Module dates/times: Monday, July 16; 8:30 a.m. -5 p.m.; Tuesday, July 17, 8:30 a.m.-5 p.m., and Wednesday, July 18, 8:30 a.m.-Noon
This module considers the analyses now possible for whole-genome sequence data collected on large numbers of individuals. Specific topics include characterization of de novo mutations and the comparison of growth rates among populations. Also covered, how sequence data allow detailed examination of the signatures of natural selection and methods to compare selective constraints across populations and to seek evidence for recent, population-specific adaptation. The analysis of identity-by-descent segment sharing and random projection for IBD detection (RaPID) to infer demographic history will be covered, as will methods to reconstruct the genetic architecture of major human diseases.
Ryan Hernandez is Associate Professor of Bioengineering and Therapeutic Sciences at the University of California, San Francisco. His research focuses on computational genomics: characterizing patterns of genetic variation within and between populations using large-scale genome resequencing data; developing novel population genetic simulation techniques; and exploiting population genetic models of demographic history and natural selection to interrogate the genetic basis of disease. He recently published “Prominent features of the amino acid mutation landscape in cancer.” PLoS One 12:Article e0183273.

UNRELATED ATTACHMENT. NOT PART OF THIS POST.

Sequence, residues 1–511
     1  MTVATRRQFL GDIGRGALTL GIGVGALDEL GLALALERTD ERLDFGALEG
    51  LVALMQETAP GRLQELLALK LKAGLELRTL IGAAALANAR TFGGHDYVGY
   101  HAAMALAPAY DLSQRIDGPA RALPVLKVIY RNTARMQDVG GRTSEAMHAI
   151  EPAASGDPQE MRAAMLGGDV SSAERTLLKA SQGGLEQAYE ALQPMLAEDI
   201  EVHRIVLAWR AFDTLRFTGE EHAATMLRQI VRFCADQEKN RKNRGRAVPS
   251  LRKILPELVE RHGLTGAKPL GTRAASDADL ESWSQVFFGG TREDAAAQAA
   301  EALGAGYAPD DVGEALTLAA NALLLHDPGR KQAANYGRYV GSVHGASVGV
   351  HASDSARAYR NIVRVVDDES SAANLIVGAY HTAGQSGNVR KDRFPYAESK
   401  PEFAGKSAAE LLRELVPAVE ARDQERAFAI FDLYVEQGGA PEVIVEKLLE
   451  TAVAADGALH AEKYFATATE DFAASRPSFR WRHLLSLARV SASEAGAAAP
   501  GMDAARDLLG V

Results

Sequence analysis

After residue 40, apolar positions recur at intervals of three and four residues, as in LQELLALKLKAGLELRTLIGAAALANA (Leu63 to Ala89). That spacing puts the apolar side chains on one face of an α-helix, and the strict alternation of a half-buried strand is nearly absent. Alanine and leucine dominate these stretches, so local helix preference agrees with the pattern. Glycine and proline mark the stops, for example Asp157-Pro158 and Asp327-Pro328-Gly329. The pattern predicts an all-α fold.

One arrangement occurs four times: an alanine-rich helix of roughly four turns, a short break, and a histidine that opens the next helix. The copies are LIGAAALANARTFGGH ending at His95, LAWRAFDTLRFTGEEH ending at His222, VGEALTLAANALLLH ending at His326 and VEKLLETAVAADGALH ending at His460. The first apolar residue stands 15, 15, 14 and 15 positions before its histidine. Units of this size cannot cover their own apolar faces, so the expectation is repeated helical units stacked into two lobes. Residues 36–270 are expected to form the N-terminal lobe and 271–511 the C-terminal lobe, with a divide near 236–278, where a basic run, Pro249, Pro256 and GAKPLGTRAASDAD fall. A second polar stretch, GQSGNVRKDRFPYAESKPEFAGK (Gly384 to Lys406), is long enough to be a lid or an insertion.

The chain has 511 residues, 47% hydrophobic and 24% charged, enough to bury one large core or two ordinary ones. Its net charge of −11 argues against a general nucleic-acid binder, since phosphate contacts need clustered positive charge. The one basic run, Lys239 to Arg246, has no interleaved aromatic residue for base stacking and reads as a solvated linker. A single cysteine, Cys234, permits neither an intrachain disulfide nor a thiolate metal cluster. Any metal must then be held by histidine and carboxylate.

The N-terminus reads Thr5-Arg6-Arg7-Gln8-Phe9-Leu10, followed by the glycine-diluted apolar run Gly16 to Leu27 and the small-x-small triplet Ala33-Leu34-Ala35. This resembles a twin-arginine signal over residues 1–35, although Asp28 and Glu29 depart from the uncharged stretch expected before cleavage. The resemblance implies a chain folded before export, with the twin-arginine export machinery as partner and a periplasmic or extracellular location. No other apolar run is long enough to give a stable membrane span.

Tim O’Connor is Assistant Professor at the University of Maryland School of Medicine. His research explores the effects of evolution and population structure on the genomic architecture of disease and other phenotypes. He has a track record of developing new algorithms and statistics to interdisciplinary biological problems as well as the use of large multifaceted data sets, particularly the output of next-generation sequenc- ing. He is especially interested in the recent evolution of New World populations such as Hispanic Americans, African Americans, and the Old Order Amish. He recently published “Accurate and equitable medical genomic analysis requires an understanding of demography and its influence on sample size and ratio.” Genome Biology 18:Article 42.
Hernandez and O’Connor recently jointly published “Using genotype array data to compare multi- and single-sample variant calls and improve variant call sets from deep coverage whole-genome sequencing data.” Bioinformatics 33:1147-1153.
Access 2017 Course Materials (2018 materials will be uploaded to this page prior to the start of the module)